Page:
Lower connectivity between brain regions was found across the default network in people who have experienced long term trauma, such as childhood abuse or neglect, and is associated with dysfunctional attachment patterns. Among people experiencing posttraumatic stress disorder, lower activation was found in the posterior cingulate gyrus compared to controls, and severe PTSD was characterized by lower connectivity within the DMN.[29][34] Hyperconnectivity of the default network has been linked to rumination in first-episode depression[35] and chronic pain.[36] If the default mode network is altered, this can change the way one perceives events and their social and moral reasoning, thus making a person more susceptible to major depressive-like symptoms.[37]

Multivariate analysis reveals genetic associations of the resting DMN in psychotic bipolar disorder and schizophrenia.[38]


The default mode network (DMN) may be modulated by the following interventions and processes:

  • Acupuncture – Deactivation of the limbic brain areas and the DMN.[39] It has been suggested that this is due to the pain response.[40]
  • Meditation – Structural changes in areas of the DMN such as the temporoparietal junction, posterior cingulate cortex, and precuneus have been found in meditation practitioners.[41] There is reduced activation and reduced functional connectivity of the DMN in long-term practitioners.[41] Various forms of nondirective meditation, including Transcendental Meditation[42] and Acem Meditation,[43] have been found to activate the DMN.
  • Sleeping and resting wakefulness
  • Sleep deprivation – Functional connectivity between nodes of the DMN in their resting-state is usually strong, but sleep deprivation results in a decrease in connectivity within the DMN.[45] Recent studies suggest a decrease in connectivity between the DMN and the task-positive network as a result of sleep loss.[46]
  • Psychedelic drugs – Reduced blood flow to the PCC and mPFC was observed under the administration of psilocybin. These two areas are considered to be the main nodes of the DMN.[47] One study on the effects of LSD demonstrated that the drug desynchronizes brain activity within the DMN; the activity of the brain regions that constitute the DMN becomes less correlated.[48]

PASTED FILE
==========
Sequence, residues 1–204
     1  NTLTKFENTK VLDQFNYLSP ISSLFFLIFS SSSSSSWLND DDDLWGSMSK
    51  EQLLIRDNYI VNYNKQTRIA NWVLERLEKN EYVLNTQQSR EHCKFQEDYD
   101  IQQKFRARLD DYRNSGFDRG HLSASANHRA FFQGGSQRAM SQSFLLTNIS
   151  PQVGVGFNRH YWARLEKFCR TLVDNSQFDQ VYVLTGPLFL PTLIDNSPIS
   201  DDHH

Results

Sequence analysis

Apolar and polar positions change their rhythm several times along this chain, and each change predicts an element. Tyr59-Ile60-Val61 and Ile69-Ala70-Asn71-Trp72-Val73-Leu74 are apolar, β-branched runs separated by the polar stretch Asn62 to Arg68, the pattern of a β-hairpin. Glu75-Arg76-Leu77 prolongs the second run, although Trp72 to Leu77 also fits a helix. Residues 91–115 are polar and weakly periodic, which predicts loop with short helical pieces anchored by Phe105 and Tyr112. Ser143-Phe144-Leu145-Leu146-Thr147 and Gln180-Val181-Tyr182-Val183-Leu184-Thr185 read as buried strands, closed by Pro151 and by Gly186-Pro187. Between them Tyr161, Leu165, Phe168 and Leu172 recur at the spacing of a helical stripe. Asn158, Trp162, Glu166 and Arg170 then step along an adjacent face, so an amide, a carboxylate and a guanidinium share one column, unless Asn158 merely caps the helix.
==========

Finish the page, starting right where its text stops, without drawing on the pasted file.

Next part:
• Deep brain stimulation – Alterations in brain activity with deep brain stimulation may be used to balance resting state networks.[49]
  • Psychotherapy – in PTSD, the abnormalities in the default mode network normalize in individuals who respond to psychotherapy interventions.[50][51]
  • Antidepressants – Alterations in DMN connectivity are reduced following treatment with antidepressant medications in PTSD.[51]


Some have argued the brain areas in the default mode network only show up together because of the vascular coupling of large arteries and veins in the brain near these areas, not because these areas are actually functionally connected to each other. Support for this argument comes from studies that show changing in breathing alters oxygen levels in the blood which in turn affects DMN the most.[3] These studies however do not explain why the DMN can also be identified using PET scans by measuring glucose metabolism which is independent of vascular coupling[3] or in electrocorticography studies[52] measuring electrical activity on the surface of the brain.

The idea of a "default network" is not universally accepted.[53] In 2007 the concept of the default mode was criticized as not being useful for understanding brain function, on the grounds that a simpler hypothesis is that a resting brain actually does more processing than a brain doing certain "demanding" tasks, and that there is no special significance to the intrinsic activity of the resting brain.[54]

See also